EACC warns governors out to misappropriate funds meant for EL-NINO preparedness

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-the commission had gathered intelligence suggesting that certain counties and national government officials were devising plans to divert public funds intended for mitigation measures-

Men cross a flooded maize field .Courtesy/SciDev.Ne

  U-TURN ON EL-NINO RAINS

The Kenya Meteorological Department (KMD) issued a warning on August 30th, 2023, indicating that heavy rains are expected from October, extending into early 2024. The department issued weather alerts to several counties, including Nyamira, Kisii, Baringo, Trans Nzoia, Nakuru, Kakamega, Busia, Elgeyo Marakwet, Uasin Gishu, Migori, and Homa Bay, forecasting heavy rainfall and thunderstorms during this period.

Kenya braced itself for El Nino rains from October through early 2024. Both county and national governments had taken proactive measures. These measures include establishing emergency centers in affected counties and setting up dedicated emergency hotlines. Additionally, health facilities have been stocked to address potential health concerns.

The County Government of Machakos, under the leadership of Governor Wavinya Ndeti allocated Sh90 million to mitigate the effects of the upcoming El Nino rains. Governor Ndeti emphasized that the disaster fund is just one part of the comprehensive measures the county government has put in place to reduce potential risks associated with heavy rains.

In Nairobi County, 3,500 youths were recruited to join the “Green Nairobi” team. Their tasks include cleaning the city, unclogging and maintaining drainage systems, and collecting garbage, among other activities aimed at keeping the city clean. Recently, 2,500 of these recruits joined Governor Sakaja Johnson and Cabinet Secretary for Lands, Housing, and Public Works, Zachariah Njeru. An additional 1,000 youths will were recruited to reach a total of 3,500 members in the “Green Nairobi Army.”

Governor Sakaja Johnson emphasized that Nairobi County had devised plans to prevent the potential hazards associated with above-average rainfall, which can lead to flooding. Ensuring the timely unclogging of drainage systems is a key component of these plans to allow for the steady flow of water and minimize the risk of flooding. Meanwhile, the County Government of Turkana, in collaboration with its development partners, had identified 15 out of 30 wards that were at risk of flash floods.

Deputy President Rigathi Gachagua held a meeting on September 28th, 2023, with Cabinet Secretaries, Governors, and disaster management agencies to discuss Kenya’s preparedness for the impending El Nino rains. Gachagua emphasized the importance of collaboration among various stakeholders, both local and international, to develop a comprehensive mitigation plan. He stated, “We are working tirelessly to refine and consolidate the response plan to minimize its negative impact in regions expected to be heavily affected by the heavy rainfall.”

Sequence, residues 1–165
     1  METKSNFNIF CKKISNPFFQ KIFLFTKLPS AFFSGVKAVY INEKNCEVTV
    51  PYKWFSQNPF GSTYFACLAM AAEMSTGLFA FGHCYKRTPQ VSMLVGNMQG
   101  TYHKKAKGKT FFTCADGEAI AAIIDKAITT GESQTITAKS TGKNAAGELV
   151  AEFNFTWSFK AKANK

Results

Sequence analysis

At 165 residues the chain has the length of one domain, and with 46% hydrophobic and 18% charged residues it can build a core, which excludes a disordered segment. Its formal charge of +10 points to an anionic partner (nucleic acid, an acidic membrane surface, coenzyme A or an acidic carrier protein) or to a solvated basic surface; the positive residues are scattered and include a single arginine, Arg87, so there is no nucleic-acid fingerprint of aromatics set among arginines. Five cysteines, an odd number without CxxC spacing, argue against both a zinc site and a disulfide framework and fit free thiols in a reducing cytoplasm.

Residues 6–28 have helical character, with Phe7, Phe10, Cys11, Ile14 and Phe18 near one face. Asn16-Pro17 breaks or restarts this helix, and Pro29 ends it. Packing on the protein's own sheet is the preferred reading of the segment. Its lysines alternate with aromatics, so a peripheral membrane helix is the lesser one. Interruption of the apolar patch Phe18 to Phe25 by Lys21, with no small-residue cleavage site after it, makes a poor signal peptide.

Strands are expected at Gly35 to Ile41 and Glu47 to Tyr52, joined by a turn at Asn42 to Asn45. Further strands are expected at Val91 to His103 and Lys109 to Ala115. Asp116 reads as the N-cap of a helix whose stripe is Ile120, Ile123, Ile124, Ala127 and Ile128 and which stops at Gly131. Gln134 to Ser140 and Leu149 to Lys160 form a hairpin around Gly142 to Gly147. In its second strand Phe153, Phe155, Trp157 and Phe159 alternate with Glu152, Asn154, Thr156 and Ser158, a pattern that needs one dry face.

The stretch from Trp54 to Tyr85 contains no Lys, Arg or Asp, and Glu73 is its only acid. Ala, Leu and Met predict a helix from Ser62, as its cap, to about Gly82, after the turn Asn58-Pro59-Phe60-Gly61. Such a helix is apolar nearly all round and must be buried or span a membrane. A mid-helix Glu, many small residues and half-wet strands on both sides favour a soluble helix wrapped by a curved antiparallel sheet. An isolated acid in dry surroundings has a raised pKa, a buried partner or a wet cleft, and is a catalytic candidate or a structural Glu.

Deputy President Gachagua expressed deep concern about potential disruptions in key sectors such as education, agriculture, and infrastructure. He said, “Our children are preparing for national examinations, parents are gearing up for the harvest, and the business community is actively contributing to the country’s economic development. The government is implementing significant infrastructure projects to enhance service delivery to the people. All of these endeavors will be interrupted.”

On October 21st, 2023, President William Ruto announced that Kenya would not experience El Nino as earlier predicted by scientists in the country. Instead, he stated that the October-November-December season would bring short rains that were not expected to have devastating impacts on farmers. President Ruto expressed his gratitude, saying, “We had been informed that we would face El Nino that would cause destruction, but, ultimately, we won’t experience El Nino. The department has revised its forecast, and we will have significant, but manageable, rains. We are thankful.”

Twalib Mbarak, the CEO of the Ethics and Anti-Corruption Commission (EACC), raised concerns about a potential plot by some county governors and public officials to misuse public funds under the guise of preparing for El Nino rains. Mbarak revealed that the commission had gathered intelligence suggesting that certain counties and national government officials were devising plans to divert public funds intended for mitigation measures related to the anticipated El Nino rains.

A critical question arises: who will be held accountable for the funds that were allocated for the El Nino rain disaster, now that it appears El Nino may not occur as previously forecasted, leaving over 10 billion budgeted for these preparations in question?

 

REPORT BY: JESSE ABISHECK

Email: abijessyshi@gmail.com

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